* Formalize loans. If you decide to lend more than a small amount to a friend or family member, it's generally best to draft a written agreement. This can be as simple as filling out a promissory note (available online or at office supply stores). Such forms spell out the basic terms of the loan -- amount, interest rate, payback period -- and provide some limited protection should you and the borrower end up in small claims court. Another recent innovation is the use of direct lending (also called social lending or peer-to-peer lending) websites to facilitate loans between family and friends. For a fee, such sites can prepare loan documentation, send payment reminders, issue regular reports, even facilitate electronic fund transfers. If the loan involves a significant amount of money, check with your attorney.

 

 

Remember: Many personal relationships have been damaged when loans go awry. So proceed with caution.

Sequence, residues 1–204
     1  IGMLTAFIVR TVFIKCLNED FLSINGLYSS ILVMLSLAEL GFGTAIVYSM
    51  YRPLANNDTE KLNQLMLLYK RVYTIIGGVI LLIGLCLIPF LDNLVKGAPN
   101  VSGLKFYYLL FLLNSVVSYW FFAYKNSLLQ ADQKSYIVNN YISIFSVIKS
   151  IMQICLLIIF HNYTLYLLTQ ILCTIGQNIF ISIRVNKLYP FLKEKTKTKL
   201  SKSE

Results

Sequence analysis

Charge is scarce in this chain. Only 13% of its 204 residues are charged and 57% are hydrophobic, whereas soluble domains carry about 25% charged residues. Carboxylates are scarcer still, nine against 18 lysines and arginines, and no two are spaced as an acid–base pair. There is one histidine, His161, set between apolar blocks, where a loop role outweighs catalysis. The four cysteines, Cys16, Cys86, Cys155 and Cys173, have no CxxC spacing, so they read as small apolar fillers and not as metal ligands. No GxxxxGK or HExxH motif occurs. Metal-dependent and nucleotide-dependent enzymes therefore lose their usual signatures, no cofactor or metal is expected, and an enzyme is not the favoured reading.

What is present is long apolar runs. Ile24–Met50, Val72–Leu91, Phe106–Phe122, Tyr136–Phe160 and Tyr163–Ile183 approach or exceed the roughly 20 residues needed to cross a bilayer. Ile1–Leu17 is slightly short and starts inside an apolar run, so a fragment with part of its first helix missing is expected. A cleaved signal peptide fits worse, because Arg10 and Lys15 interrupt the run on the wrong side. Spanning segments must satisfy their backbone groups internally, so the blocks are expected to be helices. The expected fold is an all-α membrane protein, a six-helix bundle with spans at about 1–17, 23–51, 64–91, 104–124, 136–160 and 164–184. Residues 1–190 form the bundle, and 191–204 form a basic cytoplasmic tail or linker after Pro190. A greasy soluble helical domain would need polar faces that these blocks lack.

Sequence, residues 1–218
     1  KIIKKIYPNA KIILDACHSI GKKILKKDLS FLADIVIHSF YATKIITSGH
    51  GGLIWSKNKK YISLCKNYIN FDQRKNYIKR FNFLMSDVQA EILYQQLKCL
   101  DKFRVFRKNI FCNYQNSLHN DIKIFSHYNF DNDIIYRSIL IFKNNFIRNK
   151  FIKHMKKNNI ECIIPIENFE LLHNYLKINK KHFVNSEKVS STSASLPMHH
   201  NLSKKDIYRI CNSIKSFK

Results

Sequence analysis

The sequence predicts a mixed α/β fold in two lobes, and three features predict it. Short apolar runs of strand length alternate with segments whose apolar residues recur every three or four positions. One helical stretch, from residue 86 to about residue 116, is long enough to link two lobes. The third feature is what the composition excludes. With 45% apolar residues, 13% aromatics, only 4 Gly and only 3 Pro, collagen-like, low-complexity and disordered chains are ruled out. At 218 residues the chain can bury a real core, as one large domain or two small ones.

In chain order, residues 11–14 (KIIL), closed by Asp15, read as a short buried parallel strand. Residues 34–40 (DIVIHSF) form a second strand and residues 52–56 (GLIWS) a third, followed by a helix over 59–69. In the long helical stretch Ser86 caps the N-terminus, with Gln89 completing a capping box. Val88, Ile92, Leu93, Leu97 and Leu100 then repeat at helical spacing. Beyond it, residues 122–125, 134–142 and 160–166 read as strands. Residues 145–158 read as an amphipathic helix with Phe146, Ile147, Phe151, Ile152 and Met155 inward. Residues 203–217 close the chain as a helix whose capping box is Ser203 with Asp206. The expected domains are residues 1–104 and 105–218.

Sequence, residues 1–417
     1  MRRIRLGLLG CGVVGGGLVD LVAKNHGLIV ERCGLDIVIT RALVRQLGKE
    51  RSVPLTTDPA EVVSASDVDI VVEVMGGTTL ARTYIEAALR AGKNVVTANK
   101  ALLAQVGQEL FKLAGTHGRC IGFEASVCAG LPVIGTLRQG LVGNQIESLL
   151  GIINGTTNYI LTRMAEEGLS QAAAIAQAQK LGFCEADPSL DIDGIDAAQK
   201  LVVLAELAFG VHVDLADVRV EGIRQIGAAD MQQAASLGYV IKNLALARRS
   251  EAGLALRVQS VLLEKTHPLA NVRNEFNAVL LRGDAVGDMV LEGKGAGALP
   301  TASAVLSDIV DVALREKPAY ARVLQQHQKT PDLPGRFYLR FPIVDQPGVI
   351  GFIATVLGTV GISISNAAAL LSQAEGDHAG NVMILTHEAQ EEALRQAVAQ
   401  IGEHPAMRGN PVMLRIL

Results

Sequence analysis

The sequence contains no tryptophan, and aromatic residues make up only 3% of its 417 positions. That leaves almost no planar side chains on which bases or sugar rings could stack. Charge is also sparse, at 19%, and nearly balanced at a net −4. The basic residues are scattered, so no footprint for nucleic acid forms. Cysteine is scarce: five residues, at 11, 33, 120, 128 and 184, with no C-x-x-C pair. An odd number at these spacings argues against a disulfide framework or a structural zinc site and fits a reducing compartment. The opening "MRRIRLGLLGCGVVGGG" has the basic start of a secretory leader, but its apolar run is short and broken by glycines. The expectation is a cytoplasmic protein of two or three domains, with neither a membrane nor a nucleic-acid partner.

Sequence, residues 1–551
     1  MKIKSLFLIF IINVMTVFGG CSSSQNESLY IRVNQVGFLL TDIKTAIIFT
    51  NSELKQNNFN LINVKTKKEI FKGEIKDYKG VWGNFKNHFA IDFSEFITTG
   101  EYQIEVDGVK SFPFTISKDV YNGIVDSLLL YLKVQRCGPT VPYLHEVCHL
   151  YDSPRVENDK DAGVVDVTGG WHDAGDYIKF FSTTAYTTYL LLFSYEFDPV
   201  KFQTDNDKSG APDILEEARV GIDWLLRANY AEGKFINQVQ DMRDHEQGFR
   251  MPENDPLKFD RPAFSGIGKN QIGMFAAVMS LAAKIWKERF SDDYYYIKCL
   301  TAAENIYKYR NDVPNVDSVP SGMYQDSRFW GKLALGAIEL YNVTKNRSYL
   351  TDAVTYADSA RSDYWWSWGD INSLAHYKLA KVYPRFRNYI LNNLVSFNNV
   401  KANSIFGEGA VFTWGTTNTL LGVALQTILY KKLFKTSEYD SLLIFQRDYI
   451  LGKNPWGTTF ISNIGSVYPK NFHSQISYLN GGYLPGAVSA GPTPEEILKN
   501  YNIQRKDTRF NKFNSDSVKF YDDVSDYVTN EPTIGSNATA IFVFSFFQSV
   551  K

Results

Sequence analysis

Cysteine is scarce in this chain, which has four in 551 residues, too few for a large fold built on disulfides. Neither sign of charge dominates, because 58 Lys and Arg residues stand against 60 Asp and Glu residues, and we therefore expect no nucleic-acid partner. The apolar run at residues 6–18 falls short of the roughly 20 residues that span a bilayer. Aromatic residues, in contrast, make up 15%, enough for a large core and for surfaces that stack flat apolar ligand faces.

04 Dec 2013
Time is running out for 2013 tax cutting

Posted in tax

There's not much time left for you to make beneficial tax moves for 2013. Consider these possibilities.

 

* Maximize retirement plan contributions. For 2013, you can put $17,500 in a 401(k) plan, $12,000 in a SIMPLE, or $5,500 in an IRA. If you're 50 or older, you can set aside even more as "catch-up" contributions.

 

* Decide whether to sell investments to offset gains or losses already taken this year. You can deduct $3,000 of net losses against ordinary income.

 

* Estimate your tax liability for 2013, taking the new Medicare tax increases for higher-income taxpayers into account. If you'll be underpaid, adjust your final quarterly tax payment or your December withholding.

 

* December 31 is the deadline for taking a 2013 required minimum distribution from your traditional IRA if you're 70½ or older. Miss this requirement and a 50% penalty could apply.

 

* Purchase needed business equipment to use the first-year $500,000 expensing option for new and used equipment and 50% bonus depreciation for new equipment.